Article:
lems encountered in urologic practice. Classification ofthe prostatitis syndrome is based on the clinical presenta- tion of the patient, the presence or absence of whiteblood cells in the expressed prostatic secretions (EPS), The incidence of bacterial prostatitis may be higher and the presence or absence of bacteria in the EPS.1 than previously reported.5 A recent study evaluated new Prostatitis is described as chronic when symptoms are physician-diagnosed prostatitis cases in a managed care population over a two-year interval.6 The incidence ofacute or chronic bacterial prostatitis was 1.26 cases per The internationally-accepted classification of the pro- statitis syndrome follows the National Institute of Dia - betes and Digestive and Kidney Diseases (NIDDK)/National Institutes of Health (NIH) recommendations We defined one major question, “What is the optimal an- (Table 2).2 There are four categories of prostatitis.
timicrobial therapy for patients with chronic bacterial pro- Pelviperineology 2011; 30: 17-26 http://www.pelviperineology.org Florian ME Wagenlehner, John N Krieger statitis?” This question was then divided into four issues: and one cost-effectiveness study.40 These studies included a 1. What is the first choice antimicrobial drug category and total of 652 participants with chronic prostatitis (Table 1).
which drugs have the best evidence for clinical efficacy? The committee identified 25 Level 4 studies including: 11 2. What is the optimal duration of therapy? articles based on expert opinion,41-51 one cost-effectiveness 3. What is the desired length of follow-up? study,52 and 14 in vitro, laboratory, or animal model stud- 4. What is the major outstanding issue for treatment? ies.53-66 These studies included no participants with chronicbacterial prostatitis (Table 1). Although the Delphi processcan be used to give ‘expert opinion’ greater authority, we identified no article that used this approach.
We searched the major databases covering the last 10 years (e.g., Medline, Embase, Cochrane Library, Biosis,Science Citation Index) using the search term bacterial pro- statitis in binary combinations with the terms: chronic, EVALUATION OF PATIENTS WITH CHRONIC BACTE- treatment, outcome, complications, antibiotic and antimi- crobial. Similar searches were also conducted using thesearch term chronic bacterial prostatitis in binary combina- Chronic bacterial prostatitis is characteristically associat- tions with the terms: trimethoprim, refractory, antibiotic re- ed with recurrent urinary tract infections caused by the same sistance, surgery, TURP and prostatectomy. To identify pa- bacterial strain. Chronic bacterial prostatitis represents the pers not yet indexed in the major databases, we reviewed the most frequent cause of recurrent urinary tract infections in tables of contents of the major journals of urology and oth- young and middle aged men. Chronic bacterial prostatitis er relevant journals, for the last three months. Papers pub- can be a devastating disease, characterized by relapsing lished in non-reviewed supplements were not included.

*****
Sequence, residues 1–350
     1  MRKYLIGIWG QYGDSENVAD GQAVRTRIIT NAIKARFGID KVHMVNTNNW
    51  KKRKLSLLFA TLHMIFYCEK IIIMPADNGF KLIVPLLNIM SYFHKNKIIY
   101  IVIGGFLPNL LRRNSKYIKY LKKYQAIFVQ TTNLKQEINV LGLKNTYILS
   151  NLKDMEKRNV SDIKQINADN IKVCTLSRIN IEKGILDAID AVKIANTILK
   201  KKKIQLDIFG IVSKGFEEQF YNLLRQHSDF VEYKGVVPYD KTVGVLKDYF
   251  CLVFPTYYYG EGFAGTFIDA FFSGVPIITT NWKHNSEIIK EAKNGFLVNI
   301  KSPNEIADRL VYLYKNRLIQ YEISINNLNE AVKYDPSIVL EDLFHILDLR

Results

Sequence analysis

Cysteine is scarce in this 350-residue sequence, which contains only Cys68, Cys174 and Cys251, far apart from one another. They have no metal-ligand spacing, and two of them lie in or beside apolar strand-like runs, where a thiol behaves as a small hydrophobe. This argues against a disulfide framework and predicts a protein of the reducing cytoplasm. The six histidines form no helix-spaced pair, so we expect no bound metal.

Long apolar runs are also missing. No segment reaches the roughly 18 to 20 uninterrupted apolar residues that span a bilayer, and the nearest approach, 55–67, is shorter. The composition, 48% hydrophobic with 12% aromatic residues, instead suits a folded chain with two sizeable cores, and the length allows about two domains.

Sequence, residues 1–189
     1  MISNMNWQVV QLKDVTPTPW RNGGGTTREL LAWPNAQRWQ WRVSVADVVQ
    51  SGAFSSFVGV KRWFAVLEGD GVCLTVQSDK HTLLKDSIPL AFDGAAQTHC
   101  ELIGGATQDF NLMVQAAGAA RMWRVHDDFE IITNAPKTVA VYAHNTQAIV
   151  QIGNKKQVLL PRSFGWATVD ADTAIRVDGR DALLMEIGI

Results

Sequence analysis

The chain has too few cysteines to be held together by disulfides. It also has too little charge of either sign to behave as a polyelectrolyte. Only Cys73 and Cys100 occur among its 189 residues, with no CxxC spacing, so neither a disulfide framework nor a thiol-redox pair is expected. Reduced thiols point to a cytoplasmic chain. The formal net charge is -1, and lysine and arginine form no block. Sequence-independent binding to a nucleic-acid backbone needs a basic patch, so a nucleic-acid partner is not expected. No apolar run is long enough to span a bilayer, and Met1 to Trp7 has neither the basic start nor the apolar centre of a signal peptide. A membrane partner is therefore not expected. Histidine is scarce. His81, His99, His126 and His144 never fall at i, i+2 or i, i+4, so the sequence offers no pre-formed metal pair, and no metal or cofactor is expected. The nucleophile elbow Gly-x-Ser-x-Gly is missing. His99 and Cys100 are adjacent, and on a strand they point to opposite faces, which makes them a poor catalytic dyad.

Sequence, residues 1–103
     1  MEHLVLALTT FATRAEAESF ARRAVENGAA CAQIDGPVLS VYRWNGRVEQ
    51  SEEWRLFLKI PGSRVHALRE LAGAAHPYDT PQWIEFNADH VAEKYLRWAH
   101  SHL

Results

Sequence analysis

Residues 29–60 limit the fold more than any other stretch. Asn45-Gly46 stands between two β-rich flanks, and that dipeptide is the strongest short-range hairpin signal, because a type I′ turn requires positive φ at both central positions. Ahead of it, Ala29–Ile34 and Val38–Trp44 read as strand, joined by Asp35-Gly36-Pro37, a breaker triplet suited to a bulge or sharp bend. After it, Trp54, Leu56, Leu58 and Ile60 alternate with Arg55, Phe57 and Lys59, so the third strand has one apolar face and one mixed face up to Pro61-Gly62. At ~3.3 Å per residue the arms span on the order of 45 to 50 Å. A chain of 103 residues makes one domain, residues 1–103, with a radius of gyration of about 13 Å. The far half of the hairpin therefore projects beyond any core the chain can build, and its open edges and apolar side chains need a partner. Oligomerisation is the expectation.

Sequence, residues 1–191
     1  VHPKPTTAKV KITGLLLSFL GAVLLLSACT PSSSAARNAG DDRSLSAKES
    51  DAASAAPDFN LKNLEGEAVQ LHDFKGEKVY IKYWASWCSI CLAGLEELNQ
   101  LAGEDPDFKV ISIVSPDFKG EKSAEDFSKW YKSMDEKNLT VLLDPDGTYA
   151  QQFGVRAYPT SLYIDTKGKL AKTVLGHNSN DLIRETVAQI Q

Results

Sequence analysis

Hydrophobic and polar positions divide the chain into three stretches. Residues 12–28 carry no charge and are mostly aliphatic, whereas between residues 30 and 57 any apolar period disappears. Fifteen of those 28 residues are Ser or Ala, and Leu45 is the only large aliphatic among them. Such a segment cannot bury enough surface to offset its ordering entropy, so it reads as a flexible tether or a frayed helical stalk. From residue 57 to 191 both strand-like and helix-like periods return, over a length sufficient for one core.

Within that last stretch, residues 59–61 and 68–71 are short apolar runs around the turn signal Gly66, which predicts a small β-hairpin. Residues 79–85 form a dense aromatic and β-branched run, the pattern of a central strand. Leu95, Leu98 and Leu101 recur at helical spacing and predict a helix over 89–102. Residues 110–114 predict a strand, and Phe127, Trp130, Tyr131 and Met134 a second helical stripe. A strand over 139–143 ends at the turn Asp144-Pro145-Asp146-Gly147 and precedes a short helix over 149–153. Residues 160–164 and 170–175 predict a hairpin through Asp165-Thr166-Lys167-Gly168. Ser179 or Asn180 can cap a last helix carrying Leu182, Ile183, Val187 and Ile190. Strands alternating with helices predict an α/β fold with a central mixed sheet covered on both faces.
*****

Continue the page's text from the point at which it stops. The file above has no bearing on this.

febrile episodes, if not treated adequately from the begin- There is also a microbiological rationale supporting restric- ning. Potential complications include: urosepsis, prostatic tion of the literature search to the last 10 years, because in most areas a minimal inhibitory concentration (MIC) shift Accurate diagnosis of chronic bacterial prostatitis (NIH has taken place in the pathogens causing chronic bacterial category II) depends on quantitative segmental bacteriolog- ical localization cultures and EPS microscopy. The classical The studies were rated according to the level of evidence four-glass procedure, first described by Meares and Stamey, and the strength of recommendations. The Oxford Centre remains the gold standard.67 Nickel et al validated a simpler for Evidence Based Medicine have produced a widely ac- test to assess inflammation/infection as a screening test in cepted adaptation of the work of the Agency for Health Care primary care patient populations. The two-glass test is a Policy and Research (AHCPR).7 The ICUD consultations reasonable alternative when EPS cannot be obtained or use a modified version of the Oxford system which can be when microbiological assistance is not available, because directly “mapped” onto the Oxford system.8 EPS should be examined expeditously. Interpretation of lo-calization test results can follow various definitions that have been evaluated, but the NIH definition is the most ac-cepted. These searches identified a total of 1,656 articles, includ- ing 1,014 articles published from 1999-2008. Review of the titles and abstracts of the 1,014 identified articles, identifieda total of 72 articles that met the criteria for detailed analy- A bacterial strain is considered a pathogen if the colony sis and rating. These 72 articles were reviewed in detail for forming unit (CFU) concentration in EPS or post-prostate how well each study was designed and carried out using a massage voided urine is at least 10 times higher than in mid- standard checklist adopted from the CONSORT statement stream or first-void urine. The bacterial spectrum of chronic (available at http: //www.consort-statement.org).